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100-year-old basket returns home to the Modoc Nation

Chief of the Peoria Tribe of Indians of Oklahoma, Craig Harper, shakes hands with Chief of the Modoc Nation, Robert Burkybile, as a 100-year-old basket is returned to the Modoc Nation.
Craven Media
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Modoc Nation
Chief of the Peoria Tribe of Indians of Oklahoma, Craig Harper, shakes hands with Chief of the Modoc Nation, Robert Burkybile, as a 100-year-old basket is returned to the Modoc Nation.

The Modoc Nation celebrated gembli — meaning coming home in Modoc — after leaders from the Peoria Tribe of Indians of Oklahoma returned a culturally significant basket.

At the Modoc Nation in northeast Oklahoma, Syd Colombe works to preserve her tribe’s history and culture, spanning more than 14,000 years. She is a member of the Modoc Nation and a descendant of the Rosebud Sioux Tribe.

She said part of her job is to seek out lost artifacts — most of which the Modoc Nation has had to pay for.

“What we've been doing is we go to auctions, online, virtual eBay,” Colombe said. “And the Elected Council has been generous and provided us a budget. And so we're able to buy those cultural items.”

She said she has complicated feelings about the process.

A basket-weaving class was held for Modoc citizens.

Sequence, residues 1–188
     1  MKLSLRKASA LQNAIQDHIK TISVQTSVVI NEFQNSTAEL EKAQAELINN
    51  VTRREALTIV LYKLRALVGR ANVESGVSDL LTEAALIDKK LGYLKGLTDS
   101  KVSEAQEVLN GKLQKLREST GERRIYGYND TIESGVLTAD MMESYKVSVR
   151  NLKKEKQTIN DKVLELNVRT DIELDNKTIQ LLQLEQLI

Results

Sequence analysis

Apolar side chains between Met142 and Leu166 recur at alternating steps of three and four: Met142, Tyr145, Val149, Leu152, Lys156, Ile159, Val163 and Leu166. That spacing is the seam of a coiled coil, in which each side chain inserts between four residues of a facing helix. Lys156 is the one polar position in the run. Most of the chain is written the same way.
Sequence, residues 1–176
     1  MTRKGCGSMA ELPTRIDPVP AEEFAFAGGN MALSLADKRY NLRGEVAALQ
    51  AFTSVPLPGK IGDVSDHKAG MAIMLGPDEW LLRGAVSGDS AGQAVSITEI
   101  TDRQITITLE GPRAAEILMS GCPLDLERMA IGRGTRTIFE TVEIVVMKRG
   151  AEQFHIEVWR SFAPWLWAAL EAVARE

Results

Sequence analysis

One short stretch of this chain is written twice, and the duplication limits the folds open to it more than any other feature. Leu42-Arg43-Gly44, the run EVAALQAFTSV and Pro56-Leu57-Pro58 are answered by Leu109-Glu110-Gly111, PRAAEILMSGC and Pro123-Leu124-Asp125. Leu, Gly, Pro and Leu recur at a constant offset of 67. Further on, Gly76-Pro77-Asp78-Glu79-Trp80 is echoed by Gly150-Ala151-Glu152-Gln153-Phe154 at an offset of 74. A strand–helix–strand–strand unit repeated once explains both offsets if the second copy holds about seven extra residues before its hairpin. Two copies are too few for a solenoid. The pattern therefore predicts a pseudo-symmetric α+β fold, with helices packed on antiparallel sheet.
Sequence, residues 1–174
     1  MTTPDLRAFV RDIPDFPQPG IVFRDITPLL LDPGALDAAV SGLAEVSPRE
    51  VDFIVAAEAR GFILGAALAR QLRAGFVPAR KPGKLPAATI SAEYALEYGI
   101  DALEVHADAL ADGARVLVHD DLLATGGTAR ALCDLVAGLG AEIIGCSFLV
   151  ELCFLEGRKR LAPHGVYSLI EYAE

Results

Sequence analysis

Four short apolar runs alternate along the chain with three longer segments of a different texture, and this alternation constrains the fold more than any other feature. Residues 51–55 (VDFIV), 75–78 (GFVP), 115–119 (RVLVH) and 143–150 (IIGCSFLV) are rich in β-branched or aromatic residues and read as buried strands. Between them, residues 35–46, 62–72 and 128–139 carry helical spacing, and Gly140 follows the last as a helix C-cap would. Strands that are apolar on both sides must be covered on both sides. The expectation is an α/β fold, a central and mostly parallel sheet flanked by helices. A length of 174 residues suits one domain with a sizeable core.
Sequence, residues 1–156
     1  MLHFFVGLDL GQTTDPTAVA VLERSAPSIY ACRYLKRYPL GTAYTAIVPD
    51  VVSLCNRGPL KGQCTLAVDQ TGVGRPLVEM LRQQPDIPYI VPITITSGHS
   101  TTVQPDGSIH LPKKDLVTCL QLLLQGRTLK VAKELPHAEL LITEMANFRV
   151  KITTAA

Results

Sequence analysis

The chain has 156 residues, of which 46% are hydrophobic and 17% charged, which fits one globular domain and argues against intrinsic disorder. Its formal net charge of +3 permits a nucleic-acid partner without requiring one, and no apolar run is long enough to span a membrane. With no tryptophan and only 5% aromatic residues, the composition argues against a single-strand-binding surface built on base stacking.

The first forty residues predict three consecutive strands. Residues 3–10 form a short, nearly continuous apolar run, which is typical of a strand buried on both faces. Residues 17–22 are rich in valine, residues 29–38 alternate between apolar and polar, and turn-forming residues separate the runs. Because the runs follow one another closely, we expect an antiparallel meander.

Modoc Nation
A basket-weaving class was held for Modoc citizens last February.

“I think it's sad,” Colombe said. “But then I also feel empowered that we can do it, and that we have the foresight that we're not letting it slip out of our grasp. … We’re alert and we're watching, and if that's what it takes, unfortunately, that's where we're at. ”

Late last month, the Peoria Tribe of Indians of Oklahoma and the Modoc Nation came together for that gembli. During the meeting, Peoria leaders returned a Modoc basket, estimated to be from 1874 to the early 1900s, back to the tribe.

In return, Modoc leaders also offered a newly woven basket.

“And so it was a really unique return,” she said. “We were able to get our basket back and then provide them a gift, a modern basket from the Modoc people.”

Colombe explained the basket the Modoc Nation gifted was created during a recent basket-weaving class the tribe hosted. She said a group of citizens in the class were the first people to do this type of weaving in a while — Colombe guessed more than 100 years.

The basket is now on display at the tribe’s Gathering Place in Wyandotte. It sits alongside baskets made during the recent basket-weaving class and pictures of the exchange between Chief of the Modoc Nation, Robert Burkybile, and Chief of the Peoria Tribe of Indians of Oklahoma, Craig Harper.

Colombe said it shows the progress of her tribe.

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Sarah Liese reports on Indigenous Affairs for KOSU.
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